Concept Review: Relative Time

Concept Review – Geologic Time
- Geologists are now able to assign fairly accurate dates to
events in Earth history. There are two main types of
geologic time: relative time and absolute time.
- Relative dating means that dates are placed
in their proper sequence or order without
knowing their specific age in years (like
knowing your mom is older than you without
knowing her age).
- Absolute dating is when you can attribute a
specific time to an event or specimen (like
knowing the exact date you were born helps
us know how old you are).
Concept Review: Relative Time
- At first, geologists didn’t know what kind of timeline
they were working with, so they created logical rules to
help date things relatively.
- Principle of Superposition:
In layers of sedimentary
rocks or lava flows, the
youngest layer is on top
and the oldest is on the
bottom (assuming nothing
has disturbed it since it
was deposited).
Concept Review: Relative Time
- Principle of Original Horizontality: Layers of sediment
are generally deposited in a horizontal position, then
moved or upturned.
Concept Review: Relative Time
-Principle of CrossCutting Relationships:
When a fault cuts
through other rocks,
or when magma
intrudes and
crystallizes, we can
assume the
intrusion/fault is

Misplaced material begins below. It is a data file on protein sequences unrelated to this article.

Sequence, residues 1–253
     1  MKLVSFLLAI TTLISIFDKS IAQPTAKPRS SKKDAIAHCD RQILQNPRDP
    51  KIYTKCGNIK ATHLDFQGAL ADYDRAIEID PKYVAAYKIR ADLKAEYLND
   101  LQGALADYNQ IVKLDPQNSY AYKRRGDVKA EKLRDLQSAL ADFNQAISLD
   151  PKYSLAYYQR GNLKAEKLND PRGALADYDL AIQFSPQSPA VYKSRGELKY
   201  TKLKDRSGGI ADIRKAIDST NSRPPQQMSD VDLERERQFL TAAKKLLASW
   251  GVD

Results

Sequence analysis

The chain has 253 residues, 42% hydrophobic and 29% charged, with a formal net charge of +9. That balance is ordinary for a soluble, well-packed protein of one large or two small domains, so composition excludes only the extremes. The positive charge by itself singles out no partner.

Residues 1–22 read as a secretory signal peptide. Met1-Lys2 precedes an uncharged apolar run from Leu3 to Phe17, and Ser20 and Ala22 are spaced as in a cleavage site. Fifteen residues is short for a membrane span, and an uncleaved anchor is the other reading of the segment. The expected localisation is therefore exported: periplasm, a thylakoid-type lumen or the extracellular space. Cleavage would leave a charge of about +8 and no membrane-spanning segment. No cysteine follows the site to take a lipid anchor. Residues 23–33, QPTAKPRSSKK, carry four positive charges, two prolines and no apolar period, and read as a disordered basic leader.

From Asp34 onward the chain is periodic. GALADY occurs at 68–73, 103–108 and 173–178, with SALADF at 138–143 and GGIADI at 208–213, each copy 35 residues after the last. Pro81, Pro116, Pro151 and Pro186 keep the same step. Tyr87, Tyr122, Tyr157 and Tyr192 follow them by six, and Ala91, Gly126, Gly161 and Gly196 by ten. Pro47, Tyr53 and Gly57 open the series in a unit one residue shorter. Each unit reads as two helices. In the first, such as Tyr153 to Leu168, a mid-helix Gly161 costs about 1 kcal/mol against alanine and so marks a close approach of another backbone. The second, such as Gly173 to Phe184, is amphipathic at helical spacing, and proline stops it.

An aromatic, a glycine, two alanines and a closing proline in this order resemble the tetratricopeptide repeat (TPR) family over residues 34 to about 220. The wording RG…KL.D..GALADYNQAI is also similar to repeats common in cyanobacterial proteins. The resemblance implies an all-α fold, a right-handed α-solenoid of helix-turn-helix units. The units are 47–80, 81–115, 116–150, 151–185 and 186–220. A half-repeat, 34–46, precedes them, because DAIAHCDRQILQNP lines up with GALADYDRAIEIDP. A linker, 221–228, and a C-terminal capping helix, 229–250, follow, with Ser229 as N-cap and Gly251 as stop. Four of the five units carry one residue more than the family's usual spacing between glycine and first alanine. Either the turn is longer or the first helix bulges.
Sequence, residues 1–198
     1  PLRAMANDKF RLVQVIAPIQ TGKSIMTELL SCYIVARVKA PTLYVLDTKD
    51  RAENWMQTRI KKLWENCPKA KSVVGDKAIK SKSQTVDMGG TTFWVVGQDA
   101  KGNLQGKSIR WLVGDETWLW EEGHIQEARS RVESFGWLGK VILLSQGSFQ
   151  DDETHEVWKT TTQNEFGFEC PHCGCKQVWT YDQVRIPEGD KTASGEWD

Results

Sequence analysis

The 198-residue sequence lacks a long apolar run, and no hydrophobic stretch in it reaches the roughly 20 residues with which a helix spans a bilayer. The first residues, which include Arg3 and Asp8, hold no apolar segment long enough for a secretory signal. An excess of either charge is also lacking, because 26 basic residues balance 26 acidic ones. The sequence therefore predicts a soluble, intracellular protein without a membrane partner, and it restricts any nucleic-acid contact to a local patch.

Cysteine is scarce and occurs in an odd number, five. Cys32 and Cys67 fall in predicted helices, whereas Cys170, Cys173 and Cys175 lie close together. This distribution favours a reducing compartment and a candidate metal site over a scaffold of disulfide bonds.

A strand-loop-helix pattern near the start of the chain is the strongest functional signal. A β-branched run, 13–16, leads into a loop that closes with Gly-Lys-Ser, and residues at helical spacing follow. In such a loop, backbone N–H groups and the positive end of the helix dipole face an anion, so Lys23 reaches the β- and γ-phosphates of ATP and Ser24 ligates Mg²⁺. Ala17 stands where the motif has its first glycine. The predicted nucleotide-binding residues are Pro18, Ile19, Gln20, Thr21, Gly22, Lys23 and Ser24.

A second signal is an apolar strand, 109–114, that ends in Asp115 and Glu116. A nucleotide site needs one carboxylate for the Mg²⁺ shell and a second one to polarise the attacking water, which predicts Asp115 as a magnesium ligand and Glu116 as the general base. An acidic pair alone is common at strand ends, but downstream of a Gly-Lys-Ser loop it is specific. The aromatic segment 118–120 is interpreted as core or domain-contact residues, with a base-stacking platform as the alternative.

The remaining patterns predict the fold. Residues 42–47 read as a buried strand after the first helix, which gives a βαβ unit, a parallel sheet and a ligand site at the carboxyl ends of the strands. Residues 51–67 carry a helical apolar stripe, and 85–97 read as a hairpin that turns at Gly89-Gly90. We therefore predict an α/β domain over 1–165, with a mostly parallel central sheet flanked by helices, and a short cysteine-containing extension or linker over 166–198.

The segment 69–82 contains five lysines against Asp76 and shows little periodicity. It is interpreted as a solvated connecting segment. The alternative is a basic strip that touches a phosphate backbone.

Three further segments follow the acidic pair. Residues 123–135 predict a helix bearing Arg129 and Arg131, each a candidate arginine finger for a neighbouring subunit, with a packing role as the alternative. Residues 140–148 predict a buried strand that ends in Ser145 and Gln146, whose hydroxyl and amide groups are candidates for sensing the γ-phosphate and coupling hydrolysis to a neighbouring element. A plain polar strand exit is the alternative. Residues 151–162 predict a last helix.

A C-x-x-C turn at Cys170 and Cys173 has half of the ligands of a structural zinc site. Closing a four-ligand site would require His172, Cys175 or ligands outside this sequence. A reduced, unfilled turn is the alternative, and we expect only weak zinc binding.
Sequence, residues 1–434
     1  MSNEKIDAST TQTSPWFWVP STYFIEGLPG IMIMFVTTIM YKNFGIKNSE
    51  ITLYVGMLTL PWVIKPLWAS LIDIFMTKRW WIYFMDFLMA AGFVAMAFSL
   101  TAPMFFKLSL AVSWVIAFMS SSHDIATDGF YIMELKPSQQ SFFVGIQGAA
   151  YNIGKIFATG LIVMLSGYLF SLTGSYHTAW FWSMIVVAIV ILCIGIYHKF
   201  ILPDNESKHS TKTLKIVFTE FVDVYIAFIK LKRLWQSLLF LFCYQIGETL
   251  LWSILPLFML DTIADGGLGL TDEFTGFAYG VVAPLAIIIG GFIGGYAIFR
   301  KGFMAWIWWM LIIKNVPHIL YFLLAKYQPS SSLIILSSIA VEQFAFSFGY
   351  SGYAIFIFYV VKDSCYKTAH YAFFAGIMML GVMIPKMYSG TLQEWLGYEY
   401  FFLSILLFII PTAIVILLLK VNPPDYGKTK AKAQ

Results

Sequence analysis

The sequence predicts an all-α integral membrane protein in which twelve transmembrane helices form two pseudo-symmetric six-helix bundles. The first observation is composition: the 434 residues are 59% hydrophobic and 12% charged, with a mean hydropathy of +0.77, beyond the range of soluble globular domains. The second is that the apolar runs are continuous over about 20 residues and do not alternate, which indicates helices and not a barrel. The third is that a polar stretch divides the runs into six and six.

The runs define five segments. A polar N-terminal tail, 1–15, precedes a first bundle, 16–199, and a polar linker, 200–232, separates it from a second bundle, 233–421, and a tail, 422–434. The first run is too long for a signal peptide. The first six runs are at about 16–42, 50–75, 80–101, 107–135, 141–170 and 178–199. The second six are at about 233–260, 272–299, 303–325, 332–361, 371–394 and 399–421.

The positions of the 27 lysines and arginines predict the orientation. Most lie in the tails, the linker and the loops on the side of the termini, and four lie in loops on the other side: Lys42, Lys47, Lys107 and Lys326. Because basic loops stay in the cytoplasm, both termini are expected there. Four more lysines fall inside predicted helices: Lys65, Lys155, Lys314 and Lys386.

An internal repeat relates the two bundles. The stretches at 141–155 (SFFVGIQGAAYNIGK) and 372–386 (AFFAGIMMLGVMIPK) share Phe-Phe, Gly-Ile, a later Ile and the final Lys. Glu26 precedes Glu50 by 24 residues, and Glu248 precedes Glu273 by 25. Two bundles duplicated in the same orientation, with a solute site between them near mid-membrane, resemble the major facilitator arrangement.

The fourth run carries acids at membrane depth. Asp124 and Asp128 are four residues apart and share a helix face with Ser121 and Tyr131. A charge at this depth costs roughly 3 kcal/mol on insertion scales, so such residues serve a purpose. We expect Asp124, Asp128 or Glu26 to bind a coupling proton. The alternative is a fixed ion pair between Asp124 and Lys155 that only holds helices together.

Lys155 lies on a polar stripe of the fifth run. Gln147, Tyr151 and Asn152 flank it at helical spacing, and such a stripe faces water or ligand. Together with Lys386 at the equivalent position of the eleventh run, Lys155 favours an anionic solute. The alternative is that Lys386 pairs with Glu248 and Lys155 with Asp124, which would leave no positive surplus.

younger than the
rocks affected.
Concept Review: Relative Time
- Principle of Fossil Succession: Fossil organisms
succeed one another in a definite and
predictable order, so any time period can be
recognized by its fossil content.
Concept Review: Relative Time
- Principle of Inclusions:
An inclusion is older than
the rock that contains it.
Concept Review: Relative Time
-Principle of Lateral Continuity:
Sediments and lava flows are generally
laterally continuous unless something
breaks them or they taper off into
something else.
happened here!
But what??
An unconformity is a surface that represents a break in the geologic
record. The rock unit(s) immediately above the break is/are much
younger than that/those below. Usually represent buried erosional
surfaces – parcel of geology is missing!
Formation of an
Three types:
1) Disconformity: unconformity is parallel to layering, but there
is a gap in the geologic record. (Typically erosional and hard
to spot.) Look for weathering surfaces, boulders/pebbles of
older rock in younger.
2) Angular Unconformity: Younger strata overly older rocks that
were tilted/folded.
3) Nonconformity: A contact in which an erosional surface on a
plutonic or metamorphic rock has been covered by younger
sediments or volcanic rocks (i.e., unconformity separates
different rock types).
Angular Unconformity